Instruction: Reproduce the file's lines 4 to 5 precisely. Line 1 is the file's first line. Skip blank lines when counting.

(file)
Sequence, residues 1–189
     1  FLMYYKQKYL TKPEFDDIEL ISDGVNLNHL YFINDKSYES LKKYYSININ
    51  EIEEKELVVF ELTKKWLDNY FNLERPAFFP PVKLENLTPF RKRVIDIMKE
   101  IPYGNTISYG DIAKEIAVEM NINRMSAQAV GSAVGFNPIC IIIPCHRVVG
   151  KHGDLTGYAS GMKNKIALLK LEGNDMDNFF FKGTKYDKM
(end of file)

   101  IPYGNTISYG DIAKEIAVEM NINRMSAQAV GSAVGFNPIC IIIPCHRVVG
   151  KHGDLTGYAS GMKNKIALLK LEGNDMDNFF FKGTKYDKM